Financial assessment of adopting irrigation technology for plant-based regulated deficit irrigation scheduling in super high-density olive orchards

Journal ar
Agricultural Water Management
  • Volumen: 187
  • Fecha: 01 junio 2017
  • Páginas: 47-56
  • ISSN: 18732283 03783774
  • Tipo de fuente: Revista
  • DOI: 10.1016/j.agwat.2017.03.008
  • Tipo de documento: Artículo
  • Editorial: Elsevier B.V.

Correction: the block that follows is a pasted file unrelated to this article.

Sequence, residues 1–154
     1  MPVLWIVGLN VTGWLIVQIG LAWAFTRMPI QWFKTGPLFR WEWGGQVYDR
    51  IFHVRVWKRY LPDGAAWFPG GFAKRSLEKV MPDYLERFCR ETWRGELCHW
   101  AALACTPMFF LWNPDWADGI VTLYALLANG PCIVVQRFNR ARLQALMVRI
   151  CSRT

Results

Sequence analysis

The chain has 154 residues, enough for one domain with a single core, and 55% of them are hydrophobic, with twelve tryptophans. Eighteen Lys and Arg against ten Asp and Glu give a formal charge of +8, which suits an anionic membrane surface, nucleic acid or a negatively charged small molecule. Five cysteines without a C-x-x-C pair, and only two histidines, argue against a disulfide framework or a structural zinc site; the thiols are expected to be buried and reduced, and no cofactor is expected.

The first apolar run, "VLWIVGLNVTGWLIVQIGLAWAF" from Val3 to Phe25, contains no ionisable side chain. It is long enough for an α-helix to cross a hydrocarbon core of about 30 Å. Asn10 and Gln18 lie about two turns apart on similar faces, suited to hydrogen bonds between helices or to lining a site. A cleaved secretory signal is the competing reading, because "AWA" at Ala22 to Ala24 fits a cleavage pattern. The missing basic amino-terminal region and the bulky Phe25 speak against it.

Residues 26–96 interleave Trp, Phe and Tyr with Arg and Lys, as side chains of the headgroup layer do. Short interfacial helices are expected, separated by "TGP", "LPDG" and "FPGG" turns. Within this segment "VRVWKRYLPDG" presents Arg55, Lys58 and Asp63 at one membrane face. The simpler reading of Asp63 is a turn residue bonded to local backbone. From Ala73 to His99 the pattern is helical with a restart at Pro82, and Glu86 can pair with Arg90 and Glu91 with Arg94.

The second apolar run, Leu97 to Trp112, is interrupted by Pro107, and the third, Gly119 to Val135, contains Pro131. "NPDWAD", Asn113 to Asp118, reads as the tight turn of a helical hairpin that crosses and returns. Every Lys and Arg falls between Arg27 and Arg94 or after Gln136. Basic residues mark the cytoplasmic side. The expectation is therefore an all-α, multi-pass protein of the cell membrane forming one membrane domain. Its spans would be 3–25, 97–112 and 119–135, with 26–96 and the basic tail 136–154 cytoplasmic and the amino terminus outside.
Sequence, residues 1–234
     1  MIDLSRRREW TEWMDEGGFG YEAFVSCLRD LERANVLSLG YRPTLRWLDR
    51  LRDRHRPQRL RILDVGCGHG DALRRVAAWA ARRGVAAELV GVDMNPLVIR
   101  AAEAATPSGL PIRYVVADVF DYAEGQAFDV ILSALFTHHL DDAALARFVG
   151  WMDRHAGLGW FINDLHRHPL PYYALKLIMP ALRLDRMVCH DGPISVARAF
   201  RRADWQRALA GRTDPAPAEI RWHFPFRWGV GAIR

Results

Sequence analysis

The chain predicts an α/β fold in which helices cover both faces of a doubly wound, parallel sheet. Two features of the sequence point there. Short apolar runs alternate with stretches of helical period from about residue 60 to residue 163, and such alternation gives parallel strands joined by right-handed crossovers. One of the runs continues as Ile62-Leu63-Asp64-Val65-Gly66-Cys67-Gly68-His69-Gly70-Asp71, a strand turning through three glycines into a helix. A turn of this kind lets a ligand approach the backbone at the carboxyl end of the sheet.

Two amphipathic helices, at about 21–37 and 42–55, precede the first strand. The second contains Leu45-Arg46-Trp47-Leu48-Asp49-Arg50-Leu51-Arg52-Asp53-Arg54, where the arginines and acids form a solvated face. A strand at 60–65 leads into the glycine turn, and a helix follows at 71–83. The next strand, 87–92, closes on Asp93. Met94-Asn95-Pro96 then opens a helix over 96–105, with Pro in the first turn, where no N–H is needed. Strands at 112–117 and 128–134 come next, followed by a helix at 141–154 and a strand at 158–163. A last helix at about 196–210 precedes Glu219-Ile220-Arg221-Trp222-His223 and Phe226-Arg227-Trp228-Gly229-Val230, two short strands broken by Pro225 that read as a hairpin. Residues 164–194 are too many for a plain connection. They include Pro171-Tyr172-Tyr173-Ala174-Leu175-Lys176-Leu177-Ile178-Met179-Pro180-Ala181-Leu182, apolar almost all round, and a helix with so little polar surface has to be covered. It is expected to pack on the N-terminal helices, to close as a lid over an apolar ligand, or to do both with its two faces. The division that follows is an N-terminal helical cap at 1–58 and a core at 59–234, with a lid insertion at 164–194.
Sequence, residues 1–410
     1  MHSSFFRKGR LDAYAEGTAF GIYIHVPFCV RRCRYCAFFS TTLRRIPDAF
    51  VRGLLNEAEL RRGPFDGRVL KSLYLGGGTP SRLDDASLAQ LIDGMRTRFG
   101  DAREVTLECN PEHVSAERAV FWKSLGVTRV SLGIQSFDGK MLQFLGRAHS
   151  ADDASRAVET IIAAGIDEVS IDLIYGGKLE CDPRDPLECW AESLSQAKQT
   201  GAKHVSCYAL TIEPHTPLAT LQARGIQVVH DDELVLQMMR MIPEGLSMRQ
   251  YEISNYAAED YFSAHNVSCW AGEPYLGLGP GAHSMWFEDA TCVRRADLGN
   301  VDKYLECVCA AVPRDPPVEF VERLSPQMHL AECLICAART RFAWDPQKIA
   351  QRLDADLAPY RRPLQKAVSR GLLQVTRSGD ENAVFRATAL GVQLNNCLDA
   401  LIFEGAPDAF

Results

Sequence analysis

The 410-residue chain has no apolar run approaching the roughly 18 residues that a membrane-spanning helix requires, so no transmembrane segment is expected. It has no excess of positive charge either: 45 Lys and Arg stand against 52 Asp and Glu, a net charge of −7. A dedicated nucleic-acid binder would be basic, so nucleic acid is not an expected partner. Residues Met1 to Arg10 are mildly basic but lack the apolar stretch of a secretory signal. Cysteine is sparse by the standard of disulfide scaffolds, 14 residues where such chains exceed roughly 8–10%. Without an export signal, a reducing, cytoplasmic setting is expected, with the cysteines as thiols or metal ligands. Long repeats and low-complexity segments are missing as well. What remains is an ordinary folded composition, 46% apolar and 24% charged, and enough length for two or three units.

© 2017 Elsevier B.V. Hedgerow orchards with high plant densities, or super high-density (SHD) orchards, are considered to be amongst the most profitable management systems for most fruit-tree species. Regulated deficit irrigation (RDI) strategies are recommended for SHD olive orchards, especially when scheduled from automatic and continuous measurements of plant water stress. There is a lack of information, however, on the profitability of this approach. In this work we analysed the financial feasibility of using three different systems for monitoring water stress in an `Arbequina¿ SHD olive orchard under a RDI strategy recommended for the experimental area (SW Spain). The systems were based on sap flow (SF), trunk diameter variation (TDV) and leaf turgor pressure (TP) related measurements. We first compared their equivalent annual cost (EAC), resulting the TP based technology as that with the greatest potential to be adopted by farmers. We then used Discounted Cash Flow Analysis (DCFA) to compare the financial feasibility of an RDI treatment scheduled from TP related measurements and providing 45% of the crop water needs (45RDITP) with both a similar treatment but scheduled with the crop coefficient approach (45RDICC) and a fully irrigated (FI) treatment. Our results from two irrigation seasons demonstrated that the 45RDI strategy guarantees the profitability of SHD olive orchards in the long-term, with both 45RDICC and 45RDITP showing positive Net Present Value and Internal Rate of Return above the interest on capital. All the financial indicators suggested higher financial performance of 45RDITP as compared to 45RDICC, but differences were not significant, likely because of the high variability among replicates. The financial impact of Common Agricultural Policy payments as well as varying olive oil and irrigation water prices on the irrigation treatments was discussed.

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